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February 7, 2011

When I decided to try this Triangle Big Year I made a list of 200 species of birds that I should be able to get in a normal year in the four counties in which I’m counting then made some notes as to when and where I figured I’d be able to find them.  The key to a successful Big Year is less about finding all the crazy birds and more about limiting your misses.  If I want to get to 216 species of birds this year I need to get all the expected species, plus a few surprises.  And since there are no surprises in the area of late, this weekend was as good a time as any to take the sisyphean task of picking up the expected species.

I was feeling pretty good before I left for the SuperBowl of Birding.  I was sitting at 87 species, with the century mark easily attainable.  There were at least 15 relatively easy to find winter birds that could get me there, many of which only required going to the right place at the right time.  That’s what this past weekend was for.  Saturday was essentially rained out, but Sunday dawn clear and chilly enough to head out to the Ellerbe Creek arm of Falls Lake for a couple birds that could potentially be difficult later on.

This is such a strange place for a hotspot.  Ever since the Connecticut Warbler was found here in October, birders have been covering it a bit more regularly.  It’s been worth it for the most part.  Lingering shorebirds have made the flats fairly exciting, and I turned up a Black-crowned Night Heron once that ranks among my better birds in the triangle in the last six months, but the area has been particularly good for a bird that can be difficult to pin down  in the area, a nomadic denizen of the fallow fields that likes the short-cropped grass and muck that is a victim of not only irresponsible development, but responsible winter cover of fallow fields.  It’s a mixed bag, this area.  But the bird is the American Pipit, and Ellerbe Creek has proven to be very reliable for them.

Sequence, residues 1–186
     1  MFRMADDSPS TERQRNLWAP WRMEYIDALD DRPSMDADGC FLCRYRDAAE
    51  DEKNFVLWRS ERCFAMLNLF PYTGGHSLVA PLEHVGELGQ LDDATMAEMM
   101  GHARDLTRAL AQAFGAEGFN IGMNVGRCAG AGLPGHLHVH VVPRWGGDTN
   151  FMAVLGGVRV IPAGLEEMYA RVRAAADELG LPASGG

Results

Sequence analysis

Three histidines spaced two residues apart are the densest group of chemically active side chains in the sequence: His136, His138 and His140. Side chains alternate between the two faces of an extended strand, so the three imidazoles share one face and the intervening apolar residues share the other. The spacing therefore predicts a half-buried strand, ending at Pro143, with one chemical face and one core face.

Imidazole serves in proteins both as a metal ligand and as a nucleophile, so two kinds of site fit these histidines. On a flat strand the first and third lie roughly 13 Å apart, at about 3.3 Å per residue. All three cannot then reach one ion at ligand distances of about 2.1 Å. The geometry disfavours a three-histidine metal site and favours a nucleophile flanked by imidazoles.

But before I even made it out to the Pipit fields, a close look at a group of Yellow-rumped Warblers working the mudflats turned up a bright male Palm Warbler, whose incessant bobbing made even a brief look diagnostic.  Palmies winter on the coast, but usually don’t make it this far inland until early April.  I wonder if the recent run of warmish weather pulled them westward a bit.  It’s certainly not a bird I would worry about missing this year, but it is several months before I expected to add it to the year list.

Killdeer swamped the wet meadows, but a small flock of flighty Least Sandpipers mixed in, and Wilson’s Snipes stayed stock still against the old branches and tree roots that lay scattered on the mud.  There was trash too, lots of it. A mix of refuse flowing down Ellerbe Creek from north Durham and the stuff that gets left high and dry when the lake recedes from the far arms.  Old soda bottles and cigarette packaging and styrofoam of all shapes and sizes.  And that’s before we get into the veritable menagerie of used condoms.  All the dregs of modern life allayed before me in all it’s disgusting glory.  But this is no place managed for regular visitation, it’s just where the birds are, and so for that reason we go.

But the Pipits were there, many of them in scattered flocks across the mudflats.  Picking at the water’s edge and strolling through the sedges and flying over giving hints of their spring song.  I tried to take photos but they often stayed just far enough away to get anything sharp.

Having picked up what I came for I turned back, hoping to time my arrival home with the end of my kid’s nap.  But a distantly calling Barred Owl reminded me I need to do a little nocturnal work before the month is over.  Woodcocks should be calling soon and I’d rather find them on their leks than take my chances flushing one.  Soon enough.

Up to 93 for the year.  Just 123 to go.

  1. BirdTrainerRobert permalink
    February 7, 2011 11:12 am

    Are we just going to ignore the fact that apparently you found a pair of Ravens??? I swear I’m going to be the last guy in Durham to get these buggers….

    In other news, I headed over to Flat River after we met, and had awesome looks at a Harrier, as well as 3 smart-looking drake Pintails, first time I’ve seen drakes in the Triangle.

  2. Nate permalink*
    February 7, 2011 11:54 am

    @Robert- I suppose I should have mentioned it, it’s just that I’ve seen so many of them this year… They were flying south as I was exiting I-85.

    I saw your list, pretty nice! I’m leading a trip for Wake Audubon on Saturday but I may have to slip up there afterwards for the Pintails at least. That’s supposed to be a place where Least Bitterns nest in the summer too.

  3. February 7, 2011 12:48 pm

    That sounds like a good start for the first five weeks of the year.

  4. David permalink
    February 7, 2011 8:34 pm

    Sounds like a great site for the Wake Audobon to clean up on Earth Day!

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